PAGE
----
26. I really appreciate your logical approach to Gospel teachings. I commend you for honest truth seeking. A similar commitment to finding the truth led me out of the Mormon (LDS) Church (where I was raised). After overcoming the teachings of my childhood, it’s easy to spot the fallacies in other denominations. This is a hard one for me because my (newly married) husband believes and and practices Glossolalia. I found this blog after searching for the history of Glossolalia via the internet concluding that it could indicate whether there was any truth in it. Your blog addressed every aspect I was interested in researching with documentation.

    I found no evidence of argumenetative fallacies in your blog and appreciate your fair minded approach. That’s something I find rarely in politics and never in religion. I would be interested to know where you’ve taken your spirituality from here. If you wouldn’t mind dropping me a line, I would appreciate it.

    • I debated commenting on your comment, initially dismissing any need to speak out. But, the Holy Spirit has changed my mind. The Holy Spirit reminded me of the importance of reaching every soul who is struggling with understanding the things of God more clearly. So let’s logically address the issue at hand.

      First of all I am glad that God has lead you out of the fallacies of the Mormon Church.

      Now, I assume you are still a Christian, in that you follow the teachings of Christ, and that you follow the teachings and precepts of the Holy Bible as God’s guide to our interaction with others and how we should view Him, etc. Based on this assumption, I would caution you and remind you of the same.

      That being said, there is not a single point that the author of this blog has made that cannot be countered. For instance: Considering the fact that speaking in tongues was present prior to the upper room event, there is a very logical and reasonable explanation for this. Being a spiritual language, it is not unreasonable to expect that those spirits who are attempting to degrade and undermine God would use this very method of spiritual communication to mock him (both prior to and after the outpouring) as they lead people astray from God.

      Yes there are a whole lot of fakes out there, but that, in and of itself, is evidence that the real thing does in fact exist. Satan has been trying to imitate God from the inception of his fall. Please, please, please seek God first in his word, and in prayer, and not in the extremely fallible environment of the internet.

      There are many who would lead you astray, but the Holy Spirit will not. Let him speak to your heart of hearts and he will show you the truth. That is the proper way of being a “calmer seeker of the truth”. Why do you suppose the author of this blog says he ‘unwillingly and unknowingly” made the transformation. It is because he was tricked into thinking there is a better way than the way God has presented it.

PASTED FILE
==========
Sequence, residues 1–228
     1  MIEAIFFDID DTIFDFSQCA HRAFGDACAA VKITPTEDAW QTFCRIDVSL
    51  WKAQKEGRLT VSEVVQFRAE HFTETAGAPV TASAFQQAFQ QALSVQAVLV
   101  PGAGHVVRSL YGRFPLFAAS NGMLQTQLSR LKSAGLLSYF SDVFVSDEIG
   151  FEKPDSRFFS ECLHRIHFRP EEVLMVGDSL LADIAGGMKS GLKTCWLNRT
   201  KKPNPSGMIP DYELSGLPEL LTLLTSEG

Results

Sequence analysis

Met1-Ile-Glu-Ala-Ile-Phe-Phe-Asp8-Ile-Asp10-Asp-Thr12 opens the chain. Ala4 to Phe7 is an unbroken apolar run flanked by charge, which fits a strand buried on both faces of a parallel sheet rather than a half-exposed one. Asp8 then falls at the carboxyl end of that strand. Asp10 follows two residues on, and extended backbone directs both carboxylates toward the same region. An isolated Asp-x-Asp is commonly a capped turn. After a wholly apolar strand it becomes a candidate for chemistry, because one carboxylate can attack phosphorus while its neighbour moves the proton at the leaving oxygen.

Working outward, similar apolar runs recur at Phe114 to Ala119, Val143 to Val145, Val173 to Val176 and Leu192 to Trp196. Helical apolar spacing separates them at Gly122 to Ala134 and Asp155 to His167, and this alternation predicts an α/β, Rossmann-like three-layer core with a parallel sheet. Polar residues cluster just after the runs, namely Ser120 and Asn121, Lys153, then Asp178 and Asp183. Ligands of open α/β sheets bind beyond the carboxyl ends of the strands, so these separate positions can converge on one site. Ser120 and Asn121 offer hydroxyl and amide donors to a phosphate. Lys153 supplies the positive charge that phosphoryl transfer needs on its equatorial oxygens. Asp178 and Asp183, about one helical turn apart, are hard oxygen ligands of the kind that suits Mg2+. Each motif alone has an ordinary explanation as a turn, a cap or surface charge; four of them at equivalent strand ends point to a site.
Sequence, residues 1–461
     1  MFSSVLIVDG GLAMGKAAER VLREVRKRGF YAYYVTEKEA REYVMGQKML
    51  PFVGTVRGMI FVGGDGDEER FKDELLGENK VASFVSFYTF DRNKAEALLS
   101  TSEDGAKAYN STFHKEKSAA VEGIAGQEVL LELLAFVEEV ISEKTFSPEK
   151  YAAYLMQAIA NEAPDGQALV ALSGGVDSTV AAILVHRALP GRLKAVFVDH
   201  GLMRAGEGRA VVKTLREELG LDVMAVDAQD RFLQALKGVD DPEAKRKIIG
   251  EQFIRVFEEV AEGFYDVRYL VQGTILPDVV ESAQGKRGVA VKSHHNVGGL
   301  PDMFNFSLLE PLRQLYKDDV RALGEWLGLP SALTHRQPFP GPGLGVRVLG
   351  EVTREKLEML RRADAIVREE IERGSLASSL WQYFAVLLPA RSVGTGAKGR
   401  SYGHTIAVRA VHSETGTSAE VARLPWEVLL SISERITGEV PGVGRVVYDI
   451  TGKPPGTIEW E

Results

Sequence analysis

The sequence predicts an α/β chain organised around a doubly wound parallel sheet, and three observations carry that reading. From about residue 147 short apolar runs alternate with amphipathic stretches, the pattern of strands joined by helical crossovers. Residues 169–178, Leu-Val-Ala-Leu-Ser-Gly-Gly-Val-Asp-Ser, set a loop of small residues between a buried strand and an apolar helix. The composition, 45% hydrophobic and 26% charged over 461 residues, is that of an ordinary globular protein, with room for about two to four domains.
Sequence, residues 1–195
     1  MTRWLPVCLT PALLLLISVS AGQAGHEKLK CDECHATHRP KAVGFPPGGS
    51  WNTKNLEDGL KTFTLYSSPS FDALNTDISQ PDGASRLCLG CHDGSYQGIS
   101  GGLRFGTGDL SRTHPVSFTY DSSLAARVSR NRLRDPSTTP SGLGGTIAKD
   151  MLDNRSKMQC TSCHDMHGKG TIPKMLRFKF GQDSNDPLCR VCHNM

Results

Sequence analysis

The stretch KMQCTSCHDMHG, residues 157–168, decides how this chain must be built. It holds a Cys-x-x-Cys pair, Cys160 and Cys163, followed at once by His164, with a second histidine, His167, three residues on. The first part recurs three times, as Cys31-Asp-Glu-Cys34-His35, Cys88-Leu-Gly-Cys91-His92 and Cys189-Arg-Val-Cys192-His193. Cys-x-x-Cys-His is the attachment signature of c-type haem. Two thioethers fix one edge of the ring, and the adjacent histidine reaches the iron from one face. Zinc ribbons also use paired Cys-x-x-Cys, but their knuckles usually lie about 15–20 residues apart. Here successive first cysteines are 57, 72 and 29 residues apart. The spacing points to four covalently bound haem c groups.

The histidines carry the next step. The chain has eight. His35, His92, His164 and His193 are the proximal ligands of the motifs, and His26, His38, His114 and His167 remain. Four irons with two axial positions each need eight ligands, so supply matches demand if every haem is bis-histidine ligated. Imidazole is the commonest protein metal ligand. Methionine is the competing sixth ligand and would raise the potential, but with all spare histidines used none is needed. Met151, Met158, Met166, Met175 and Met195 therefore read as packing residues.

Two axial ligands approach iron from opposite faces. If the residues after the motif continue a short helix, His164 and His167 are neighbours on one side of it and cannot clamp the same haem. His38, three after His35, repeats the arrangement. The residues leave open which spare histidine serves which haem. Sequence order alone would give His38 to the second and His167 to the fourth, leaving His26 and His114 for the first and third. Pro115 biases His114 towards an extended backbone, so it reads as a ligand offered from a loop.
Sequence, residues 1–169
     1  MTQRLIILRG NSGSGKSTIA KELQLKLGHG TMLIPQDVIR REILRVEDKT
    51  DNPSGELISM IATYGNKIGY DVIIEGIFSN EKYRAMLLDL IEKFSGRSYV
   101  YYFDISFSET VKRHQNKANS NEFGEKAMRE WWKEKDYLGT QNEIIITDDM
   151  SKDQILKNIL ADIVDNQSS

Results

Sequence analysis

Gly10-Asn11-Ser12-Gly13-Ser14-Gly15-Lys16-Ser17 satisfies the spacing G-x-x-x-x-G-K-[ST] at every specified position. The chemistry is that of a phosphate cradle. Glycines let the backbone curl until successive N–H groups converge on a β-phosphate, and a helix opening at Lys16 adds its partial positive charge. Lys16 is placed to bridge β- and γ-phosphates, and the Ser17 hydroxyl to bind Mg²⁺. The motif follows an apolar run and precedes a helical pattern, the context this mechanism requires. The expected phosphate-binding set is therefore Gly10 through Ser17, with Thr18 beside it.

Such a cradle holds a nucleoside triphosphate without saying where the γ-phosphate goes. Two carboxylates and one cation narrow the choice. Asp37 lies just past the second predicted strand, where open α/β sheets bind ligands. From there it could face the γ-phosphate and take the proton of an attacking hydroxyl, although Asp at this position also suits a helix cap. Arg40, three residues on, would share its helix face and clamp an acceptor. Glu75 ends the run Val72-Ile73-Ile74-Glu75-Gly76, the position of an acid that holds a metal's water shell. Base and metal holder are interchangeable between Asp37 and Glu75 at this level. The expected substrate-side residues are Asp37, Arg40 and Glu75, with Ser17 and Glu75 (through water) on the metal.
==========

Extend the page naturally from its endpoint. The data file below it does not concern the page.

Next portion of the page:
If you believe in God, believe in his word. God has created this wonderful thing for you to become closer to him and Satan is trying to draw you away. Read John 14. It was foretold by Jesus and then it happened. “If it were not so I would have told you.” Why do you believe another? Why do you seek another? Press into God and God will reveal the truth about speaking in tongues. Believe me it is real; I know it for a fact from personal experience and I am about as skeptical as any person can be. But if you don’t believe me, at least believe God. God wouldn’t put something false in the Holy Bible. It is as real as real can be.

    • Eeeeh dont be fooled or deceived speaking in tongues is REAL.
      maybe there are FAKE ones but the REAL ones are there.
      TEACHING SOMEONE TO DO SO isnt really teaching in a sense. Its not teaching you or giving you the words its just giving ADVISE on how to be effective in the act, period.

      Judging the words to say, this and that one speak similar tongues is not scriptural why do i say so?
      the BIBLE (not me) says (and proves it) from 1 cor 14 vs 2: he who speaketh in an unknown tongue SPEAKETH NOT UNTO MEN BUT UNTO GOD, for no man understands him. Howbeit IN THE SPIRIT He speaketh forth MESTRIES.

      So if the bible is true, that person is speaking #1 living words in the realm of the SPIRIT (NOT THE REALM OF THE MIND)

      #2: In that realm he speaks forth MYSTERIES!!! so IF these are really mysteries (and they are) HOW COME YOU & OTHER INTELLIGENT PEOPLE ATTEMPT TO MATCH TO SEE THAT THIS PERSON & THAT PERSON ARE SPEAKING THE SAME MYSTERIES.

      Being mysteries means the meaning and the words are not easily connected as you think they are. So its a waist of time to try to Judge & understand MYSTERIES.

      AGAIN the bible proves that REAL/ TRUE (not fake) tongues are spoken as the HOLY SPIRIT GIVES US THE WORDS- ACTS 2 VS 4!!!

      so as a question I would say: WHO ARE YOU TO JUDGE ME TO SAY “i speak the same tongues as my teacher?” remember I AM NOT SPEAKING AFTER MY OWN BRAIN. I am doing it as the HOLY SPIRIT (GOD’s power-person) is giving me the words.